“I was thinking about how much he’d enjoyed camp,” said Claude. “We were all mourning Jonathan’s death. Then I thought maybe his family would be interested in a memorial. I thought about this for more than a year.”

He saw an amphitheatre in the Bathurst area that caught his eye, so he took a photo, and recently, while dropping off his grandson at the Youngs, he brought up the subject and showed them what he had in mind.

“Claude said, ‘There’s a project I’ve been thinking about. I’d like to do it in memory of Jonathan,’” said Angela.

“They thought it would be wonderful,” said Claude.

Next, Claude brought Bishop David Edwards to meet the Youngs and discuss the project.

“I’m very pleased that this project is going ahead. It will add yet another element to our camping ministry,” said Bishop David.

“I’m very grateful to the Youngs for their thoughtfulness with regard to the camp. I know that Jonathan enjoyed his time there and this will be a fitting memorial to him and his interests.”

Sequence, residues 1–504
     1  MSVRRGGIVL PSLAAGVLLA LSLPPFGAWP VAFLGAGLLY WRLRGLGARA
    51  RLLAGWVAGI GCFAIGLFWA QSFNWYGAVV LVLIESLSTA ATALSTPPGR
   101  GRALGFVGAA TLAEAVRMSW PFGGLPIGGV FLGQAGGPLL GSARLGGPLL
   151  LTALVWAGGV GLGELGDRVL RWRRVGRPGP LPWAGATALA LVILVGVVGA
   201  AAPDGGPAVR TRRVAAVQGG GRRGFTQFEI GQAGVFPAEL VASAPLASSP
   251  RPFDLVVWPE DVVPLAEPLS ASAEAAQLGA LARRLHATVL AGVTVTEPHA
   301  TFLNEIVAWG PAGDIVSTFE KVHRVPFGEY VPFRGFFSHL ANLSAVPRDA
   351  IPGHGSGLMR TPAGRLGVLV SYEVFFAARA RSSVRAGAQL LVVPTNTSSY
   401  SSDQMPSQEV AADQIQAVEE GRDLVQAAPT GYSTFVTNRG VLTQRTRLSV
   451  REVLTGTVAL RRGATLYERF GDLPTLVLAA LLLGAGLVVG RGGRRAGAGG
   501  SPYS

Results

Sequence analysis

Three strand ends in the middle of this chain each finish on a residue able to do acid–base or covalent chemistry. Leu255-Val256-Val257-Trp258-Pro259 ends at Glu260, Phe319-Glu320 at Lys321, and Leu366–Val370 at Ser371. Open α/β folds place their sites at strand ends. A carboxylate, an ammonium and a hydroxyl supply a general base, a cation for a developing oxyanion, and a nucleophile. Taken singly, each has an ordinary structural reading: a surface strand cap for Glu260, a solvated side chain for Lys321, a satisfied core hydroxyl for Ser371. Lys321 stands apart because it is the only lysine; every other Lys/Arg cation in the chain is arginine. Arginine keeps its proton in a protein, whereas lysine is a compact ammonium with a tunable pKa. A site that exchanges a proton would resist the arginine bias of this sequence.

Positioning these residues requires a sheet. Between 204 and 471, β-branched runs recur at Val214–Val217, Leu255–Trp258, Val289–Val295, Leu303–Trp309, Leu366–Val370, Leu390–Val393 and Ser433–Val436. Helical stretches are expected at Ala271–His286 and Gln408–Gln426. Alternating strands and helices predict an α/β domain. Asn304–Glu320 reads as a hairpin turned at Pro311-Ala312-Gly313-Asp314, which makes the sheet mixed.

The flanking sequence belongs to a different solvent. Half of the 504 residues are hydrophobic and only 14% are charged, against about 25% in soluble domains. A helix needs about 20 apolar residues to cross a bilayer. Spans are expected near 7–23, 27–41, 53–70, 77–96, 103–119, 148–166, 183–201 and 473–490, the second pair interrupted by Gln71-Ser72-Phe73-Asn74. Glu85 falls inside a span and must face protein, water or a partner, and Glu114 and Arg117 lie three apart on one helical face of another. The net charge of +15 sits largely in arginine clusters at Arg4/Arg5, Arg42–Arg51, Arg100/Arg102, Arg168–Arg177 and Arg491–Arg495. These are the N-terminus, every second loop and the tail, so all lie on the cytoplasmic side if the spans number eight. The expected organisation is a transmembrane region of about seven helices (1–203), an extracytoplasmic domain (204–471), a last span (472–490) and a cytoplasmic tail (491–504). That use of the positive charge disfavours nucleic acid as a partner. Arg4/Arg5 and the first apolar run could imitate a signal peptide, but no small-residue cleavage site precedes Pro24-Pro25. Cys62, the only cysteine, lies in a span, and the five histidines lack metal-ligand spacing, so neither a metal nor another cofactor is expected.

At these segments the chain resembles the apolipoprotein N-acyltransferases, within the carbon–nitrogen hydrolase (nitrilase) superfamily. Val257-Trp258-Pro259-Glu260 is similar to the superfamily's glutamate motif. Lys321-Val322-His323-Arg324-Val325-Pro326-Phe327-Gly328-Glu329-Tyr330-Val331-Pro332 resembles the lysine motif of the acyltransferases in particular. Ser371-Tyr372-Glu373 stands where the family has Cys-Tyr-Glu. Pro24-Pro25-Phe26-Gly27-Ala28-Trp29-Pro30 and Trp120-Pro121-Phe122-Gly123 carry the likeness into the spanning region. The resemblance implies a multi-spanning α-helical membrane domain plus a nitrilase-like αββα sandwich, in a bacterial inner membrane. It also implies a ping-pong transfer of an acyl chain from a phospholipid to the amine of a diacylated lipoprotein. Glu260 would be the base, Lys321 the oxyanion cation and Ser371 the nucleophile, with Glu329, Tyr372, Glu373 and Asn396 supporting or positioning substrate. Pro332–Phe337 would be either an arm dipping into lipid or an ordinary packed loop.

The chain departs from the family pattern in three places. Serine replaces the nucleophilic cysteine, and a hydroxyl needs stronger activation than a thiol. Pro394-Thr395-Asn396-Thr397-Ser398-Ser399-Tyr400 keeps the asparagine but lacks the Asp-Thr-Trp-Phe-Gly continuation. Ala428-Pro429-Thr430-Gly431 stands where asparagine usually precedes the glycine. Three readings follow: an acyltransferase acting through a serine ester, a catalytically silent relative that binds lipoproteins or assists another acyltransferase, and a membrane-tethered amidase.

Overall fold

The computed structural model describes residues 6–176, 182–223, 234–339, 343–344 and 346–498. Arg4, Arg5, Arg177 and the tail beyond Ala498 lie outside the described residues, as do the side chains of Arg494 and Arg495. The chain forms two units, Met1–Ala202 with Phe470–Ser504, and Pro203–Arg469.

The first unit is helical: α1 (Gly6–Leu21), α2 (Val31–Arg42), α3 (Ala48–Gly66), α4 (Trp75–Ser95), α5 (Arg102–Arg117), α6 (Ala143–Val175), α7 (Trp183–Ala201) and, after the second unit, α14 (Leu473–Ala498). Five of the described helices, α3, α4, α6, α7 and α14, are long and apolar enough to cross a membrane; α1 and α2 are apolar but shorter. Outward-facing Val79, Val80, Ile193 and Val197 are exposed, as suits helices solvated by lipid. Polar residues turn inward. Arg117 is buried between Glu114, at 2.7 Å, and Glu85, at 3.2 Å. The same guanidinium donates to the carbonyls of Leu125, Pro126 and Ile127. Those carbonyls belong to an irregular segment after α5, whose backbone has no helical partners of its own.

Architect Greg Murdock is still tweaking the plans, but the hope is the amphitheatre will be built on a concrete foundation, and feature a central fireplace, electricity, lighting and a sound system. It will be wheelchair accessible. Above the fireplace, Claude envisions a plaque to remember Jonathan.

Its uses will include theatre, worship, campfires, skits and music. Its location will be between the last cabin and the river, facing up toward the large central playing field.

“We’d like to have it finalized for this year,” said Claude. “If it was finished by the end of June, that would be wonderful.”

Jonathan at camp
Jonathan was almost 8 when he went to Camp Medley in 2011. His mom allowed him to go because Adam, three years older, would be there the same week, as would a large group of children from their circle of friends.

The week turned out to be a lot of fun for the group, and Jonathan loved camp.

“He liked everything about it,” said Angela. “He was a very social kid. It was really nice. All 10 of them were together.”